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Our Landscape

Lordenshaws looking west Lordenshaws looking west


A poem written by the children of Greenhaugh First School.

Ghostly clouds hanging over green grassy hills.

The sycamore tree surrounded by hill giants.

Hills to go up. Hills to go down.

Dry stone walls as old as time

Cup and ring marks, following in the footsteps of people before us.

                    Sycamore Gap

Wind whistles in the air.

The sun hugs me into its warmth as I walk across the ancient landscape.

Whooshing river in the quiet valley.

Bees buzz!

Cows moo!

The chugga, chugga, chugga of a distant tractor.

                    Hedge and lambs Northumberland

Sheep love to leap through the lovely yellow flowers blanketing the fields.

Lime, red, yellow and brown; a flash of magenta.

The harvest moonlight embraces me warmly,

Glittery, shooting stars as bright as burning fire, glistening in people's eyes.

                    Dark sky with Orion nebula


                            *   *   *   *   *   *   *   *   *   *   *   *   *


This delightful group poem gathers together the responses of a number of children at Greenhaugh First School to a piece of landscape study based on field visits and classwork under the direction of their teacher Justine Wise. Here are her notes on how the poem came about...


'It began as a request from the Northumberland National Park Authority to involve their partnership schools - of which Greenhaugh First School is one - in the exhibition evolution at their new Discovery Centre, The Sill, and suggested we focus on a description of the landscape. Already being very big fans of the National Park and having been on inspiring geographical and historical trips to Lordenshaws Iron Age hill fort and Walltown quarry, it was easy to ask the children to write their favourite memories from seeing the beautiful landscapes and walking in the footsteps of their ancestors, in order to create a poem.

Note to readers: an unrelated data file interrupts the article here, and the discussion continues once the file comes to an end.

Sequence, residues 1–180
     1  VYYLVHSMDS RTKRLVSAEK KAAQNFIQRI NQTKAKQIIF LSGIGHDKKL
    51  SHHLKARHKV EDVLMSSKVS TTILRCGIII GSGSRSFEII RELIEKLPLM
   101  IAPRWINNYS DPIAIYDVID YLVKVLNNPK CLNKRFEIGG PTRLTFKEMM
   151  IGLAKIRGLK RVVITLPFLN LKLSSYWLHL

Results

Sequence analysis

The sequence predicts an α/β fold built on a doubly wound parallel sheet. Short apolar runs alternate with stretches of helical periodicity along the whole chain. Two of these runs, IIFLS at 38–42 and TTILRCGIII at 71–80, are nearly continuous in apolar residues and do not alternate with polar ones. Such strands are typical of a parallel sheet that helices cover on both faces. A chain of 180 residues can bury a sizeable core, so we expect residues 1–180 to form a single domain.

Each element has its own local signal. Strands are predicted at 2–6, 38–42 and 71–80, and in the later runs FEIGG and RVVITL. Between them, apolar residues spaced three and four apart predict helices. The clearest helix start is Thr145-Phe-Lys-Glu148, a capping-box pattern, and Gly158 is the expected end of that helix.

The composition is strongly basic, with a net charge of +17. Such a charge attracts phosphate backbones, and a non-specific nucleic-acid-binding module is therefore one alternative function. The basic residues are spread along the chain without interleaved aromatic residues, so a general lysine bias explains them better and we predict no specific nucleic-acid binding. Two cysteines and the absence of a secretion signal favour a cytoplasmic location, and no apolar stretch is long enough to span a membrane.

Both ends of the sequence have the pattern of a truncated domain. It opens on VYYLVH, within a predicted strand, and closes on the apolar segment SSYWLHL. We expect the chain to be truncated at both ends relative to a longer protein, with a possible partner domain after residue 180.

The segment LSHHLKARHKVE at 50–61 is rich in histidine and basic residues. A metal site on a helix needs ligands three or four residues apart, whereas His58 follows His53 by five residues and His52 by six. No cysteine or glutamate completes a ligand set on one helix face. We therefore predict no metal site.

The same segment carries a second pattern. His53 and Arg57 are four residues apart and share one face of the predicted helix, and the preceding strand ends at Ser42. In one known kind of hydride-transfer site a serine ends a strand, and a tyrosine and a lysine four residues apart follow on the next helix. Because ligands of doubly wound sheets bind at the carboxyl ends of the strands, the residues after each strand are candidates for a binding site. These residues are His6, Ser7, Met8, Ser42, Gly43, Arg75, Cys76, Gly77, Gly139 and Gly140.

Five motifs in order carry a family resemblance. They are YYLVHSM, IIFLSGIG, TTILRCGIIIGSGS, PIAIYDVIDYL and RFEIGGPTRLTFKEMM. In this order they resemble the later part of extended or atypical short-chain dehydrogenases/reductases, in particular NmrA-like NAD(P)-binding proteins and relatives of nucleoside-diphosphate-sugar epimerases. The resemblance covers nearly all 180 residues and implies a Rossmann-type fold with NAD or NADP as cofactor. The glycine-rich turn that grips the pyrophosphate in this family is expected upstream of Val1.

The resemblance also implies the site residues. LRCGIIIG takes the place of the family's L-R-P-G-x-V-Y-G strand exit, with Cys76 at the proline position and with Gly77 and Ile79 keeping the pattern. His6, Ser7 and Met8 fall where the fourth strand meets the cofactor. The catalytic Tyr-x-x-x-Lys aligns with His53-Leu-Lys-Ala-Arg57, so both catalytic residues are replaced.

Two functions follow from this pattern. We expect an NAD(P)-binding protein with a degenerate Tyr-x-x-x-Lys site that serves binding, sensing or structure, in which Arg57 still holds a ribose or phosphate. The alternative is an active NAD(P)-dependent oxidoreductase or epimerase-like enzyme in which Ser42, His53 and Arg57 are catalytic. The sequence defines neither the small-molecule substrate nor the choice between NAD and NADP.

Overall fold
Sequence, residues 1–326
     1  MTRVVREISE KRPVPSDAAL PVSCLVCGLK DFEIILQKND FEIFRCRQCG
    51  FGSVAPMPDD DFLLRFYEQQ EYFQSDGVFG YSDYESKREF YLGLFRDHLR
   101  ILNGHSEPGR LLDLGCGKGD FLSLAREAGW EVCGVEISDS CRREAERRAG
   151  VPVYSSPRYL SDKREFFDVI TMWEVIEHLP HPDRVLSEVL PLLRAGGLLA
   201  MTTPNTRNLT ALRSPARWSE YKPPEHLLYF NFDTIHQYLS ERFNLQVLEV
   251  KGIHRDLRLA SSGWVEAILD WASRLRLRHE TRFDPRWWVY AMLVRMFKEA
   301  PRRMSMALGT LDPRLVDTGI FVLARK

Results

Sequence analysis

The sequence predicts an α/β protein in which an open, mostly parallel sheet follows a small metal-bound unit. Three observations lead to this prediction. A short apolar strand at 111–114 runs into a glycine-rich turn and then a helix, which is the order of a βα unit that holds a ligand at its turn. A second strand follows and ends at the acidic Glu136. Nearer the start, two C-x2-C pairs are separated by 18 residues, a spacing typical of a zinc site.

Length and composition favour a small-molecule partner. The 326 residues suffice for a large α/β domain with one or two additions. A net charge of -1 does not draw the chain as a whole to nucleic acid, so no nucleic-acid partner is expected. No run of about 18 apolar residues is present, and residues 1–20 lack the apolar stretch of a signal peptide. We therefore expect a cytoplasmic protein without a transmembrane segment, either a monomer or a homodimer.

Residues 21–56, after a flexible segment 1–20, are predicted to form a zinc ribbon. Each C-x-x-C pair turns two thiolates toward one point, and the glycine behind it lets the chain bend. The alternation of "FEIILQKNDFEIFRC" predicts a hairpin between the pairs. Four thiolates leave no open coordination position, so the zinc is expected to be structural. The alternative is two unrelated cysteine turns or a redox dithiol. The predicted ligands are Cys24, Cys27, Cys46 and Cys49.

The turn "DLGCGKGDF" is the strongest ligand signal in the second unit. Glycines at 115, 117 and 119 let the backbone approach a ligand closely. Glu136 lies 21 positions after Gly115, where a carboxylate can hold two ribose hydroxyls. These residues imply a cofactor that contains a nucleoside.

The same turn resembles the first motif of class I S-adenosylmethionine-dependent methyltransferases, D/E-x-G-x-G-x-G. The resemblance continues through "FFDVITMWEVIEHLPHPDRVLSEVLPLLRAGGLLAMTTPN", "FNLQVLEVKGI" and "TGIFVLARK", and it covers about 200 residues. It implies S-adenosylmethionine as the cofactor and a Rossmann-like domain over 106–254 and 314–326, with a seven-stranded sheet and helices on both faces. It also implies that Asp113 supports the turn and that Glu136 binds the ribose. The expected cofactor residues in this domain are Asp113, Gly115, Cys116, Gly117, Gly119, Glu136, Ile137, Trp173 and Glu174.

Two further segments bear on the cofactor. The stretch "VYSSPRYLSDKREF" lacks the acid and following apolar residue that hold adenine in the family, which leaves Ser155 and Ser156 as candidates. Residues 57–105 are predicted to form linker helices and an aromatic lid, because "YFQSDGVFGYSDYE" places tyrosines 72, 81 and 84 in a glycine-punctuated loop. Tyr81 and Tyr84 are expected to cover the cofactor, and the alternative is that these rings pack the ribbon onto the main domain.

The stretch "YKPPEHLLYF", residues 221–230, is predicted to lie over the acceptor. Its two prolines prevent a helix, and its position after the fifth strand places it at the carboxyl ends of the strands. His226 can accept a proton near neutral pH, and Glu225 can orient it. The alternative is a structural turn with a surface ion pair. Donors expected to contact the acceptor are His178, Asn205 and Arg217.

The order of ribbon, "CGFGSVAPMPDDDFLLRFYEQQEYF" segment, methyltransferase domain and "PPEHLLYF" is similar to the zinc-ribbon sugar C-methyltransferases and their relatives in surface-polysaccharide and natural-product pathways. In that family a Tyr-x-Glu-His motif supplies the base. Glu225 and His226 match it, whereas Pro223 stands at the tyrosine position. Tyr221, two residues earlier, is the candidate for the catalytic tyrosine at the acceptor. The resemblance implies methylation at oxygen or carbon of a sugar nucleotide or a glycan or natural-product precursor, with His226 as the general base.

Some wrote one line, some wrote reams, which we all arranged and rearranged in a very simple order based on grouping references such as sound, colour or rhythm together, and - hey presto - this incredible poem emerged, literally out of the mouths of babes!

Working with inspired children, with inspired thoughts and feelings captured in a celebratory poem recorded by some inspired orators, preserved for current and future generations to share the same passion, has been an honour and a privilege.

Our school is also proud to be part of the Northumberland International Dark Sky Park and our dark sky days and dark sky picnics have also helped to foster an even greater appreciation of this incredible place that is Northumberland.

We are very grateful to the Northumberland National Park Authority for offering us this opportunity, and hope you will call in at The Sill Landscape Discovery Centre where our poem is available in a live audio version in the exhibition.


                    The Sill








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